Name Amon First

Ambrotype

To produce the negative part of this unique object, one side of a clean glass plate is covered with a thin layer of collodion containing ammonium or potassium halides (iodide or iodide and bromide). This collodion emulsion is richer in ether than the one used for producing conventional collodion negatives so as to produce a whitish image, making it show up better against the dark background used for viewing it. Dipping in a silver nitrate solution ensures that it will be uniformly sensitive to light prior to exposing the plate when still wet. After development in a nitric acid and iron sulphate developer, sometimes with added silver nitrate, the image is fixed in a bath of sodium thiosulphate or potassium cyanide. Using iron sulphate gives the ambrotype its characteristic creamy tint. After drying, a transparent varnish is applied, and sometimes, additional colour highlights.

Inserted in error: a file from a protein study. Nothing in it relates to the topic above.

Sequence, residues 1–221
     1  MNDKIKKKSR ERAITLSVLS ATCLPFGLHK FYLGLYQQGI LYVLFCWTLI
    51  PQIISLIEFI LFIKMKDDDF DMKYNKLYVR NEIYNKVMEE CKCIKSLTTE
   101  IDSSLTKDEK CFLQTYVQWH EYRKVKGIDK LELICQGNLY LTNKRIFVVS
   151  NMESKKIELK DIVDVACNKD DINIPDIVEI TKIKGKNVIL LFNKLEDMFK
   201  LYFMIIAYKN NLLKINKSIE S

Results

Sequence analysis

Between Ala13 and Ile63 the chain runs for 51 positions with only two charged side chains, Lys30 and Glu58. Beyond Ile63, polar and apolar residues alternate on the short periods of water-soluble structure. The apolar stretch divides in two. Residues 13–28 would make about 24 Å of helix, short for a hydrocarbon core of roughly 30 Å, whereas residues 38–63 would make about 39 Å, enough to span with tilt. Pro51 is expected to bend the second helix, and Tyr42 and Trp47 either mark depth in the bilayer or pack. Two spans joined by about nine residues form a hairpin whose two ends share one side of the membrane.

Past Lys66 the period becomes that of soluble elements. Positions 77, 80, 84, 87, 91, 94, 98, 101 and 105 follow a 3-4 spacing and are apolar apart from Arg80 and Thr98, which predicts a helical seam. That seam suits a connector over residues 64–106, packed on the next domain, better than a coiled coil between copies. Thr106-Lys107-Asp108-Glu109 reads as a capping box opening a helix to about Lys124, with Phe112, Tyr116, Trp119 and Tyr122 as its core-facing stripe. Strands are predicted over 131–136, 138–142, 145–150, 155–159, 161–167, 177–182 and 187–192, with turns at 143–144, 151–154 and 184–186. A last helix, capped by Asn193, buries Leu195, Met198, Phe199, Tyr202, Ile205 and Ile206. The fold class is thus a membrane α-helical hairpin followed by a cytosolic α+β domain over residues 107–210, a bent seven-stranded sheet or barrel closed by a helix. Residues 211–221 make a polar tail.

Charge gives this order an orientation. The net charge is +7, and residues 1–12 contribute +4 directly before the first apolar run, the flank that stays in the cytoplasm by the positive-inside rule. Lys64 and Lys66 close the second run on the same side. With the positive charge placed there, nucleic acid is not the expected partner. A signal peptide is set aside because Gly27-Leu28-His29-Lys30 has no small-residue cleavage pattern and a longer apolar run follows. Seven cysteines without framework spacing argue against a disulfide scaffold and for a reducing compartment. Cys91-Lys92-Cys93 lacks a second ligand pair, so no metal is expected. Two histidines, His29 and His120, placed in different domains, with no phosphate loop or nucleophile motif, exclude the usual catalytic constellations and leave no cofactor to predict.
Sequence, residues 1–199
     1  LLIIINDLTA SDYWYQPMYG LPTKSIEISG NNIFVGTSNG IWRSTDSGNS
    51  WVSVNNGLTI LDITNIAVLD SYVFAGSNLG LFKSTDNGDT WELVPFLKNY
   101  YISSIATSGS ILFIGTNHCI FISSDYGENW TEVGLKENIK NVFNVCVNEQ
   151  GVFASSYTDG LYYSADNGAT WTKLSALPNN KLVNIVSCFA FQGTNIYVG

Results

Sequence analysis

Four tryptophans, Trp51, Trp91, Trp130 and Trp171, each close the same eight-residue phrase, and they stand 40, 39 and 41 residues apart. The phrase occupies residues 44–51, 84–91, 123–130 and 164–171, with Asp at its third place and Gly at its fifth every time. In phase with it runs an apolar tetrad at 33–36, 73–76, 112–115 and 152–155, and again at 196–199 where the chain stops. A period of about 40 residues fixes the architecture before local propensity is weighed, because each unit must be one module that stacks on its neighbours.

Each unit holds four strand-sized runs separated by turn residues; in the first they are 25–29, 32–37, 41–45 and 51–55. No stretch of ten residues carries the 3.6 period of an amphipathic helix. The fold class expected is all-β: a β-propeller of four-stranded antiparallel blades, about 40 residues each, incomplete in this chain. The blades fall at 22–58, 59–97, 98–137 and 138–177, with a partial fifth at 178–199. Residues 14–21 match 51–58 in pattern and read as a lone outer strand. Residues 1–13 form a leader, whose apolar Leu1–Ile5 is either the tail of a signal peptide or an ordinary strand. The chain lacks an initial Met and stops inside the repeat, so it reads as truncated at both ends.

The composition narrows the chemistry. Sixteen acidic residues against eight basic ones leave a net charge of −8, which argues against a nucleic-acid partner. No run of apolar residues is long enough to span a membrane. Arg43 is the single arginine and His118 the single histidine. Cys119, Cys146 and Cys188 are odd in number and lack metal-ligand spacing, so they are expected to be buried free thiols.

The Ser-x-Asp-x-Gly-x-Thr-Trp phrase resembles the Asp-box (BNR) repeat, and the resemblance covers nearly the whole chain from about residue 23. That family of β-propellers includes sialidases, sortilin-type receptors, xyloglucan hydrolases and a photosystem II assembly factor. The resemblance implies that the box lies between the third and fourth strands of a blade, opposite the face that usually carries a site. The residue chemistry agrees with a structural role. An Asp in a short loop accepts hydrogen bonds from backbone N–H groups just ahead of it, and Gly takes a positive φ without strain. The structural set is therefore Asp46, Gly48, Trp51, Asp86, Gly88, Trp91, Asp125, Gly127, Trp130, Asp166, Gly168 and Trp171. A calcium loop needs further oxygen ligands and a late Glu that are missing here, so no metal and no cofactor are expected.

The dark background against which the negative is placed may be of various kinds: paper, velvet or a varnish made from a base of bitumen of Judea and turpentine.

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